• 1,5 liters (6 cups) cold water
  • 750 grams (3 ¾ cups) golden cane sugar
  • 45 ml (1 tbsp + 1 tbsp + 1 tbsp) lemon juice
  • 1 gram (¼ tsp) fine sea salt
  • 10 ml (2 tsp) vanilla extract
  • 1 gram (¼ tsp) mahleb seeds, ground (or ¼ tsp almond extract)
  • optional : 5 grams (5 whole leaves) fresh rose geranium leaves (or 1 tsp geranium water and/or rose water)
  • optional : 5 ml (1 tsp) cherry brandy (or other strong alcohol liquor)


  • day 1 : wash the cherries, place in cold (or ice-cold water) with the juice of 1 ½ whole lemons and the empty pressed rinds and let sit for 3 hours until firmer, then strain and pat dry, carefully remove pits with a cherry-pitter (or using a glass bottle and a chopstick as I do) and try to keep them whole, save the pits and the empty lemon rinds for later and place the pitted cherries, the salt and sugar in a large bowl and let sit for at least 3 hours (or overnight) until most of the juices are released (almost half cherries and half sweetened juices)
  • day 2 : strain the pitted cherries and set aside, place the cherry pits, the empty lemon rinds and the sweet juices into a casserole, bring to a boil, reduce heat to medium and let simmer for 10-15 minutes and remove any froth on the surface, strain the juice and discard the cherry pits and lemon rinds and place the juice back inside the casserole and bring to a gentle boil again
  • gently place the cherries inside and 1 tbsp lemon juice until everything starts gently simmering again (not boiling) and frothy bubbles appear on the surface, skim the froth from the surface again, remove the casserole from the heat and add a lid with a paper towel underneath it and let the cherries and juices sit for 24 hours until the next day
  • day 3 : the next day, strain the cherries from the juices, bring the juices to a boil again, add 1 tbsp lemon juice, add the cherries, wait until it gently starts simmering again and immediately remove from heat and let sit for another 24 hours with a lid and a fresh paper towel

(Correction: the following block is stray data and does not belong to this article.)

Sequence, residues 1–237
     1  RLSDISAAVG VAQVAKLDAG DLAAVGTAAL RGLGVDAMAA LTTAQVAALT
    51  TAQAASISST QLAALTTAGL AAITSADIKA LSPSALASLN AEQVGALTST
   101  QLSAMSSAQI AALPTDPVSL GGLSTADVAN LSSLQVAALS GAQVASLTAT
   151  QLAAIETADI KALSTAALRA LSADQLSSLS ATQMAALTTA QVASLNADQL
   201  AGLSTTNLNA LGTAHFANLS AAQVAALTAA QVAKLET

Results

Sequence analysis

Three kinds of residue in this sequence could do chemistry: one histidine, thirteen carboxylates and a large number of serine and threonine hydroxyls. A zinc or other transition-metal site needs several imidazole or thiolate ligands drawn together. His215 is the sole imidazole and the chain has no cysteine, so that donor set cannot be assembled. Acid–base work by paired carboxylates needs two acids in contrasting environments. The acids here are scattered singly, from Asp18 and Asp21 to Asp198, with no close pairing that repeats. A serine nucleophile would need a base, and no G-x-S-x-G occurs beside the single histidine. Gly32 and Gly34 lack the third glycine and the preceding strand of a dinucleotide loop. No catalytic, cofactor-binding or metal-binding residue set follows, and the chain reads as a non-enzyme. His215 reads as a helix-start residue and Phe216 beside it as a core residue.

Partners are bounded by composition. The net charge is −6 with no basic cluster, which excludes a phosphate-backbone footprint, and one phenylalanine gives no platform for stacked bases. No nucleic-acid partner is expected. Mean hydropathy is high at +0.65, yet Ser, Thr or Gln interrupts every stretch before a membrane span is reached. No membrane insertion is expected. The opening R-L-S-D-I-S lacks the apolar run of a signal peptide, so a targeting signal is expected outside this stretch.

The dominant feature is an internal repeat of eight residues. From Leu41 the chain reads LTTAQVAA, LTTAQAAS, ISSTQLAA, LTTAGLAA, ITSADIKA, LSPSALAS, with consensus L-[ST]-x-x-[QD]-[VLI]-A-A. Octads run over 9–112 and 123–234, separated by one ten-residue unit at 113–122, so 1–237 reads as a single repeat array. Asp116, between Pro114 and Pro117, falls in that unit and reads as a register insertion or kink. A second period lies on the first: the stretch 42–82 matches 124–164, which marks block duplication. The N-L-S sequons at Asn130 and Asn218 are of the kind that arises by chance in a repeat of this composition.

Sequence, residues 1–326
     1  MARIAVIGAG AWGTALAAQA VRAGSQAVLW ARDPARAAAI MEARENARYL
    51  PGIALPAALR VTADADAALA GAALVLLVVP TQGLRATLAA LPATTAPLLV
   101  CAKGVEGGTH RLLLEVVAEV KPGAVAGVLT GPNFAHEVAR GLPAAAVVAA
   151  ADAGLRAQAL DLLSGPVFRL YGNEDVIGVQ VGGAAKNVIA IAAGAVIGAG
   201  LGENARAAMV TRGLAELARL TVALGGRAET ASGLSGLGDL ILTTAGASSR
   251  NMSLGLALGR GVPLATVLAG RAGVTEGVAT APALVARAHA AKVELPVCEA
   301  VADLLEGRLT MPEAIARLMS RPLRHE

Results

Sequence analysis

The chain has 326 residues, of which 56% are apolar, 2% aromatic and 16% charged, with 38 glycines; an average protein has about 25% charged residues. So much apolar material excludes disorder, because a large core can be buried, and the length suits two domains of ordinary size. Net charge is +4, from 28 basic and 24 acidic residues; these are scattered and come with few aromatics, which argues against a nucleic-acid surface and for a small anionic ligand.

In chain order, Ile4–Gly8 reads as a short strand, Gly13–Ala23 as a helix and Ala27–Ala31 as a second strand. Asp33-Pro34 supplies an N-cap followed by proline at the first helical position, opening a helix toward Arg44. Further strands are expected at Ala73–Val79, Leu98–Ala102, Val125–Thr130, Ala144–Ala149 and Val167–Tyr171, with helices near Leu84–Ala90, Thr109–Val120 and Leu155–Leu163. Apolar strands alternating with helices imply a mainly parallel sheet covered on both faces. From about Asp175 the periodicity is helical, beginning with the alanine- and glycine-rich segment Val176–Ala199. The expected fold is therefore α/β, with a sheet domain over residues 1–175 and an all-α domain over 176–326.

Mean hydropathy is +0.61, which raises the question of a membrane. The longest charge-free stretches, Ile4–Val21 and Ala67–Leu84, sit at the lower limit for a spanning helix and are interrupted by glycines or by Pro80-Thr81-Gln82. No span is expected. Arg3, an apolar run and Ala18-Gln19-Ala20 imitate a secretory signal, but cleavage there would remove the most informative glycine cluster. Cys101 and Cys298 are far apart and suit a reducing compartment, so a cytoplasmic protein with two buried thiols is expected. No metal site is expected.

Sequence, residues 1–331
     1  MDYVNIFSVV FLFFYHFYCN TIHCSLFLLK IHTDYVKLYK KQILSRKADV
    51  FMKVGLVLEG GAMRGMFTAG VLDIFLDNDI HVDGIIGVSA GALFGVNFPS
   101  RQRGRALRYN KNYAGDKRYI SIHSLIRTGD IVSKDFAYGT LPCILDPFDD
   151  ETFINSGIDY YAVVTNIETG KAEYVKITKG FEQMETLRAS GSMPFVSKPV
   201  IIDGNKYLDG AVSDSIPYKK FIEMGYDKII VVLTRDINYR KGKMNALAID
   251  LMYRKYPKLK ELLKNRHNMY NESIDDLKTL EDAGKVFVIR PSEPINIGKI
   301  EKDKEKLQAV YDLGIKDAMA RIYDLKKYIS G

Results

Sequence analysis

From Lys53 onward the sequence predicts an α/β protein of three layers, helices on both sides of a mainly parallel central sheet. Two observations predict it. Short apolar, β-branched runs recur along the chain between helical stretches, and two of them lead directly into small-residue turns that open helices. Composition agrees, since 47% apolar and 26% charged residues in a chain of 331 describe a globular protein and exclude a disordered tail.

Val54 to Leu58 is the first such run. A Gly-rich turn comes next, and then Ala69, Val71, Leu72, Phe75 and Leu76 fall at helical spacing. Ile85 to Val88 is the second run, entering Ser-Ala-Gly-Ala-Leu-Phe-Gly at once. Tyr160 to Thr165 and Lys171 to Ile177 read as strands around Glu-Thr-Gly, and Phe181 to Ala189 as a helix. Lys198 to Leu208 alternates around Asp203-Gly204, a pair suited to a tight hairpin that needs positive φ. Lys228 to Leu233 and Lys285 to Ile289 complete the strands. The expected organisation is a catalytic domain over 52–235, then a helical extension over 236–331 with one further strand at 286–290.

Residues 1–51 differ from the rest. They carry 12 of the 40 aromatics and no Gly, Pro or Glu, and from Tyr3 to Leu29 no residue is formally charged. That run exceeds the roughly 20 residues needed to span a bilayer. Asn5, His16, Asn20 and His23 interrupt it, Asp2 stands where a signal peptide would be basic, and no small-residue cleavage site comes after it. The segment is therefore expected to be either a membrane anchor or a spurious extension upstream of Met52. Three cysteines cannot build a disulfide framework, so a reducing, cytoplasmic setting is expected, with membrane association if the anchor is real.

• prepare the aromatics and combine them together, if using mahleb seeds (dried seeds from small black Saint-Lucie cherries with cherry and almond, available in Greek, Turkish and Middle-Eastern shops), grind them and let them sit in the extracts and/or liquor for several hours, then strain and reserve, if using geranium leaves, leave them whole or attached to a stem and only add them later to the juices
  • day 4 : on this last day, strain the juice from the cherries, add the geranium leaves, bring the liquid to a boil and then immediately reduce heat to a gently simmer, remove the geranium leaves, add the cherries and 1 tbsp lemon juice, wait until it starts gently simmering again, add the aromatics (extracts and/or liquor), let it come to a simmer, immediately remove from the heat and let cool down slightly for 5 minutes
  • transfer the hot syrup and cherries to sterilized jars (I used two 400 ml jars which was exactly enough for 1 kg of preserved sweets), screw the lids on tightly (use oven mitts), turn them upside down until completely cooled to room temperature, then turn right-side up and store in the pantry or the refrigerator and if possible, let the mixture mature for several weeks in the pantry or refrigerator before using (they will become tastier and plumper as time goes by)
  • serve as is, placing 2 tbsp of cherry spoon sweet on a plate per person, (don’t forget the spoon), served with a glass of cold water and a hot coffee or tea or use as a topping for desserts …